Another reason for the increase in young people would probably be the appeal of Colorado Mesa University. This college has over 11,000 students now compared to the 1,000 students it had in 1961. Its amazing catalog of dozens of different programs include accounting, applied business, aviation technology, biological studies, chemistry, computer science, and many more.

            Head to where businesses are relocating. Some businesses are finding opportunities in Grand Junction’s rapidly developing economy. As an example, The Colorado Sun says that Libby and Greg Olson ended up moving their marketing business, Growl Agency, to Grand Junction from Denver. They have also hired designers and interns from Colorado Mesa University. The couple even noted that they are busy with some kind of event every weekend.

            Additionally, the Grand Junction Economic Partnership says that RockyMounts’ headquarters, which is a bike rack and lock brand, will be moving from Boulder to Grand Junction. Their president, Bobby Noyes, explains his reasoning: “There was a dynamic energy that was reminiscent of my early years launching this business. I saw an opportunity to be a part of a growing and vibrant community here in Grand Junction.”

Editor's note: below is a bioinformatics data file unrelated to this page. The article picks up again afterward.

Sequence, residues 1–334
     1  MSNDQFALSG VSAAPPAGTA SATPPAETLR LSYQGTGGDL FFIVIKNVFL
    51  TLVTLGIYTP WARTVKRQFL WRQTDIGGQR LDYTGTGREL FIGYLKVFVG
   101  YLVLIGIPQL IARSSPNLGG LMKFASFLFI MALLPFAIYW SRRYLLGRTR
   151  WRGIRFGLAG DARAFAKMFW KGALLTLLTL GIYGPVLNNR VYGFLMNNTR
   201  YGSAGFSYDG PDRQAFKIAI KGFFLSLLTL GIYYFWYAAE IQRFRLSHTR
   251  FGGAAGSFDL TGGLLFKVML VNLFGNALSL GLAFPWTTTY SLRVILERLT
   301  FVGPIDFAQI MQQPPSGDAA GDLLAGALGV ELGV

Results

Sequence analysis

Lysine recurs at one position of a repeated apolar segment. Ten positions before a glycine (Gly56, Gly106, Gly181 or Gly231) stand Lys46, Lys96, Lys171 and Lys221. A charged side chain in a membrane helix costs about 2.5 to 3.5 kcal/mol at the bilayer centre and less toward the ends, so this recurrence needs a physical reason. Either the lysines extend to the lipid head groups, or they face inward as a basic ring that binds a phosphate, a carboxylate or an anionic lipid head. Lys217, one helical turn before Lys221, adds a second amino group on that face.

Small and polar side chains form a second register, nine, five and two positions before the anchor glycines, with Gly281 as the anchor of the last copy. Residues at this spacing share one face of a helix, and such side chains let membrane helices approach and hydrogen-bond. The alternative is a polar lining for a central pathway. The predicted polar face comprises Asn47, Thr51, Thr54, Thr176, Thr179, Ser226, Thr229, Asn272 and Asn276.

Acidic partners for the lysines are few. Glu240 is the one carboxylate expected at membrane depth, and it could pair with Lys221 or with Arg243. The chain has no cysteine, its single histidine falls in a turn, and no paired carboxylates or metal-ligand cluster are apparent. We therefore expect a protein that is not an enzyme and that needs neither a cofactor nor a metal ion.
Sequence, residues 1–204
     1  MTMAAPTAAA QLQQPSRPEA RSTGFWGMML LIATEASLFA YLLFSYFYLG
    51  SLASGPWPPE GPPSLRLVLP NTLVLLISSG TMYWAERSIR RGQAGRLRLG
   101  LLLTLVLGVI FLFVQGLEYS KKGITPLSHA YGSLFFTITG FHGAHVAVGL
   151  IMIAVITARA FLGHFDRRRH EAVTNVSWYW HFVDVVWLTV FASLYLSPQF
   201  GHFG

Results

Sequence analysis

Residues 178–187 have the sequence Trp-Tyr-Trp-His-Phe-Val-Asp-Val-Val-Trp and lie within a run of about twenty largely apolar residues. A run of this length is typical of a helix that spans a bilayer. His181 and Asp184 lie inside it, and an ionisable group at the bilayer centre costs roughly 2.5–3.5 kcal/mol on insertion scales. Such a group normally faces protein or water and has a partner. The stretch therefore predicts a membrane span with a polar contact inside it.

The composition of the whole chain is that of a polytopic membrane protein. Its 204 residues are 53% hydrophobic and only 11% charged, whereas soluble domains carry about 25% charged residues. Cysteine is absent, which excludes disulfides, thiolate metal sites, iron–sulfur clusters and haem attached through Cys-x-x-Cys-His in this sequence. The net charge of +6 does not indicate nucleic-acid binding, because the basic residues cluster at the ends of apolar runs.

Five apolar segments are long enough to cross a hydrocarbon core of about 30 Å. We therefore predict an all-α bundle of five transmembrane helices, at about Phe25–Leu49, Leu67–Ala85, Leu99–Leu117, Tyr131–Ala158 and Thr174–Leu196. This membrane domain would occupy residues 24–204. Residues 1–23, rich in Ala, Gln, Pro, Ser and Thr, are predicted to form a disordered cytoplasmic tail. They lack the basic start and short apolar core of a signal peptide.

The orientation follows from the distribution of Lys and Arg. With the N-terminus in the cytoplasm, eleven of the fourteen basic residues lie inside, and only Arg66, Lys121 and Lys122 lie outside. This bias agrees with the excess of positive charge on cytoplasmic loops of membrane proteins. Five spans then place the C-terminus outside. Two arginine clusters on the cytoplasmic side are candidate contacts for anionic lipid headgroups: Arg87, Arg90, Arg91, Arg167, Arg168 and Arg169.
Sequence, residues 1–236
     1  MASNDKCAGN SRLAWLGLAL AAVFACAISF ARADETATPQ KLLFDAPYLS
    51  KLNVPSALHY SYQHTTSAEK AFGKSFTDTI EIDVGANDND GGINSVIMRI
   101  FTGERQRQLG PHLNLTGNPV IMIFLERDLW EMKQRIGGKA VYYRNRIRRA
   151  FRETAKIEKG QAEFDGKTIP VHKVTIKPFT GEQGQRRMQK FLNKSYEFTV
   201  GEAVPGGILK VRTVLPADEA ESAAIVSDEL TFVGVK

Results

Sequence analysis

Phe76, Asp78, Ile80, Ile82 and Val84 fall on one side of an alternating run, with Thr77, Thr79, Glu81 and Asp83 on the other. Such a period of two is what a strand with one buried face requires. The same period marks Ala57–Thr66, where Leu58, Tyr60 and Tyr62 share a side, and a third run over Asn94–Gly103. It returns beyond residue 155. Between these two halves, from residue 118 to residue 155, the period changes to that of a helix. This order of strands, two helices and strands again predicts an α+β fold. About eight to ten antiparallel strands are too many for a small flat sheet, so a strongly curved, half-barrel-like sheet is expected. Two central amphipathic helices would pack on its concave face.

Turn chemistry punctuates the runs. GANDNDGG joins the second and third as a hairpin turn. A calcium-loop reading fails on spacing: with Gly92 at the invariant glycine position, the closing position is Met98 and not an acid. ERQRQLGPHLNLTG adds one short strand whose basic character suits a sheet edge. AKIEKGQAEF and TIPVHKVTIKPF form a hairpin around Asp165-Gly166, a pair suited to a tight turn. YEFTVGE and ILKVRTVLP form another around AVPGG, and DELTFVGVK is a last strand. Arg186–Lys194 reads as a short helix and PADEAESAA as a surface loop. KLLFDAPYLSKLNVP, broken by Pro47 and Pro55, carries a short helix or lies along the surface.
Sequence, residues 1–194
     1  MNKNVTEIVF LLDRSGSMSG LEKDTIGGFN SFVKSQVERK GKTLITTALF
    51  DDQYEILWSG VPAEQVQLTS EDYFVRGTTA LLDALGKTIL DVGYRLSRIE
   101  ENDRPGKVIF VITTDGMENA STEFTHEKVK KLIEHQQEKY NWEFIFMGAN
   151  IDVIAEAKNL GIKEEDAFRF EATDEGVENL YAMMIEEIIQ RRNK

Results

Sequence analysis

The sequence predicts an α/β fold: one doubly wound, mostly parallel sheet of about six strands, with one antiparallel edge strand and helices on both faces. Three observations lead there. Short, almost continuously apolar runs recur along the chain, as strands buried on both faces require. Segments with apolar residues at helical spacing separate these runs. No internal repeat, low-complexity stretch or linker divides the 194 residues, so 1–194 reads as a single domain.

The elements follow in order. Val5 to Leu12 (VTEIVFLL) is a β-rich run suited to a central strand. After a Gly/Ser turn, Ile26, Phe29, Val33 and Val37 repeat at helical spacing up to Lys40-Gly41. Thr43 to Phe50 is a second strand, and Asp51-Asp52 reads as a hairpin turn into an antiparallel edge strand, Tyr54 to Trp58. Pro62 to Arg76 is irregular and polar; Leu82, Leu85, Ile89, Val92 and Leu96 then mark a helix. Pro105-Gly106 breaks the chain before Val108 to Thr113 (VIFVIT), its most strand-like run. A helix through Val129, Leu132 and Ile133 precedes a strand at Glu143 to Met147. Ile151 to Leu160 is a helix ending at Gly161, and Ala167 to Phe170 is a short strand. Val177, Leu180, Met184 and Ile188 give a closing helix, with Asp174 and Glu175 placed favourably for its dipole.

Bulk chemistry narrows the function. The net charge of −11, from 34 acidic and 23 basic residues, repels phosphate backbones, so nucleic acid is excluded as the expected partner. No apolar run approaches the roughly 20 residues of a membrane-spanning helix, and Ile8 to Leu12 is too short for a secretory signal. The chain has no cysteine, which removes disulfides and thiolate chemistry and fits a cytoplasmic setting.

This feeling is substantiated by GJEP’s executive director, Robin Brown. She says, “We are seeing more and more interest from businesses like RockyMounts. Companies are growing tired of metropolitan areas and their long commutes, high real estate costs, and congested neighborhoods. They want good business conditions without compromising on quality of life.”

            Furthermore, businesses and individuals alike will love the Two Rivers Convention Center in Grand Junction. This is a large 23,000 square foot building, which offers customers a spacious resource for their events. Their home page says that it is “ideal for meetings, seminars, reunions, weddings, receptions, banquets, concerts, galas, and trade shows.” Rooms can be used for dining and dancing, and the center can accommodate over 2,000 people, making it the largest convention center between Denver and Salt Lake City.